Steroids: classification, neurosteroids, anabolic steroids

Steroids are derived from the word sterol, which means ‘sterol-like.’ Cholesterol is the most abundant sterol produced by the body. Steroids, which comprise different hormones and vitamins, are endogenous or synthesized derivatives of sterol. Sterols are molecules that contain the ‘-OH’ functional group and are most likely lipids in origin. They serve various physiological functions of the body. they can be broadly classified under following categories: –


they are hormones produced by the adrenal cortex and are necessary for various critical functions in the body. Hydrocortisone is the major endogenous glucocorticoid, whereas aldosterone is the major endogenous mineralocorticoid. Read details…


Neurosteroids are neuroactive steroids that are produced in neuronal tissue. Numerous major steroidogenic enzymes that are distributed throughout the vertebrate brain synthesize neurosteroids de novo from cholesterol or from circulating hormones. They employ non-genomic mechanisms to control neuronal excitability. Neurosteroids are divided into three subtypes based on their structural characteristics:

• pregnane neurosteroids like allopregnanolone

• androstane neurosteroids like androstanediol

• sulfated neurosteroids like DHEAS (dehydroepiandrosterone)

Neurosteroids can influence a variety of biological functions in the CNS through modulation of nuclear hormone receptors or membrane receptor activity. Neurosteroids allosterically modulate GABA-A receptor complexes, glutamate receptors (e.g., NMDA, AMPA, and KA), Acetylcholine (ACh) receptors (nicotinic and muscarinic), as well as sigma and glycine receptors. These molecules can influence a number of neurophysiological and behavioural processes such as cognition, stress, sleep and arousal. Although neurosteroids are not currently utilized in clinical practice, there is evidence that they may be useful in the treatment of mental diseases such as cognitive deficits, bipolar disorder, schizophrenia, anxiety and mood disorders.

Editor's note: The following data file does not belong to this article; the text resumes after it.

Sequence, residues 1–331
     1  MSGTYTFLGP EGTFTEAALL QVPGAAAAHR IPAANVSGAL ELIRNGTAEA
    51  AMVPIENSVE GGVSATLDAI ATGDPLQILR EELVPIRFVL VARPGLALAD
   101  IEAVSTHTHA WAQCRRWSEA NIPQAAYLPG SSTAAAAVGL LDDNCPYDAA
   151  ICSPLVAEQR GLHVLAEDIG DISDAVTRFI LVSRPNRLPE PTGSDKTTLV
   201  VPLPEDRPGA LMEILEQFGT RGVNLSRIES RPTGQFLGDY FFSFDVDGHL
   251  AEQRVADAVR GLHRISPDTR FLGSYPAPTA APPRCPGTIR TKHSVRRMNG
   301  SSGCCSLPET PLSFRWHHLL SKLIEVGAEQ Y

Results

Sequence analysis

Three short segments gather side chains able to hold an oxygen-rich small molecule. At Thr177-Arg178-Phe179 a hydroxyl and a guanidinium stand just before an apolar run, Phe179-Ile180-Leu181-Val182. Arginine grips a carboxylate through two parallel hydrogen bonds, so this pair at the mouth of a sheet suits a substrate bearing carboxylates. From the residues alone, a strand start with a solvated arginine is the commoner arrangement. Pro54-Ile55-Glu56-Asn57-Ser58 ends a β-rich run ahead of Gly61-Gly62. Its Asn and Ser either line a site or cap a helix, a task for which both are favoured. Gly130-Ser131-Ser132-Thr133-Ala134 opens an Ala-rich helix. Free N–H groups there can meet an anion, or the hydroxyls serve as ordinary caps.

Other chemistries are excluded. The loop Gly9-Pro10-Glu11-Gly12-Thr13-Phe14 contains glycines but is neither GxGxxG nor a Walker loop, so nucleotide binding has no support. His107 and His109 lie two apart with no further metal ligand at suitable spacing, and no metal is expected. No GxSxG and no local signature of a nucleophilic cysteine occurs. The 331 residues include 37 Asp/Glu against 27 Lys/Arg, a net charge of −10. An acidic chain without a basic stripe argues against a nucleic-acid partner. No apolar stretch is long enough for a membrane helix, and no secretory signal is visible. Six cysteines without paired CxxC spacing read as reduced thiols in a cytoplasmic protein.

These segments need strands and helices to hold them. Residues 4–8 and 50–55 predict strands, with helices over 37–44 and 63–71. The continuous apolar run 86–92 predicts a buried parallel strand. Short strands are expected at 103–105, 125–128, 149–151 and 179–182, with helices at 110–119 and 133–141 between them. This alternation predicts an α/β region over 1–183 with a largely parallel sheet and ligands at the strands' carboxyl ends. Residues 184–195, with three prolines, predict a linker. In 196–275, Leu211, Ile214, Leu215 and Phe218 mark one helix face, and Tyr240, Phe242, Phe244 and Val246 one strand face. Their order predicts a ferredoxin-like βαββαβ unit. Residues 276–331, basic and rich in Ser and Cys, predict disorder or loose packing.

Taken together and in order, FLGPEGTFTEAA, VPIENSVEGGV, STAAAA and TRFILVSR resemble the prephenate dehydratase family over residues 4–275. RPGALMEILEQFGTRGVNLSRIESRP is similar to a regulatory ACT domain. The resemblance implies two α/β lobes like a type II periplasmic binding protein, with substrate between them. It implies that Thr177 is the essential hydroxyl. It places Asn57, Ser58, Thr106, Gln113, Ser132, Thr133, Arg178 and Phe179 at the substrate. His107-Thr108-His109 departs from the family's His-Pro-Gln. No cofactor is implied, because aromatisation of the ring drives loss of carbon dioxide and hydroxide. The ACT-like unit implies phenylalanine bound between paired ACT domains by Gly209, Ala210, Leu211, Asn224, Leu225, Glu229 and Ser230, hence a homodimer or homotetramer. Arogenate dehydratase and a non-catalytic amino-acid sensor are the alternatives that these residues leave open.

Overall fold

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Gonadal steroids

Endogenous androgenic steroids are estradiol and progesterone. Sex steroids includes estrogen/progesterone in females, and testosterone (in males) specifically. cholesterol (the precursors of all steroids) transport into the mitochondria of cells, where androgen precursors are produced. By influence of FSH, granulosa cells convert androgen precursors to estrogens. Theca cells of the ovary produce testosterone and estradiol from androstenedione and estrone, respectively. However, in the liver, there is conversion of circulating estradiol to estrone, and both of these are then converted to estriol. All three of these estrogens, as well as their glucuronide and sulphate conjugates, are eliminated in the urine.

Anabolic steroids

These are synthetic androgens with a higher anabolic and lower androgenic action, according to the designer. Drugs are Nandrolone, Oxymetholone, Stanozolol and Methandienone. Anabolic steroids were created in order to avoid the virilizing effects of androgens while maintaining anabolic benefits like muscle mass building. These drugs, however, have the same detrimental impact profile. The anabolic effects are similar to those of testosterone, and they act by the same receptor. The testosterone anabolic: androgenic ratio is considered as 1; These steroids have a relatively high anabolic selectivity, with ratios ranging from 1 to 3. Adult male testes produce 5–12 mg of testosterone per day, a portion of which is converted to the more active dihydrotestosterone (DHT) in extra-glandular tissues by the enzyme steroid 5-reductase.

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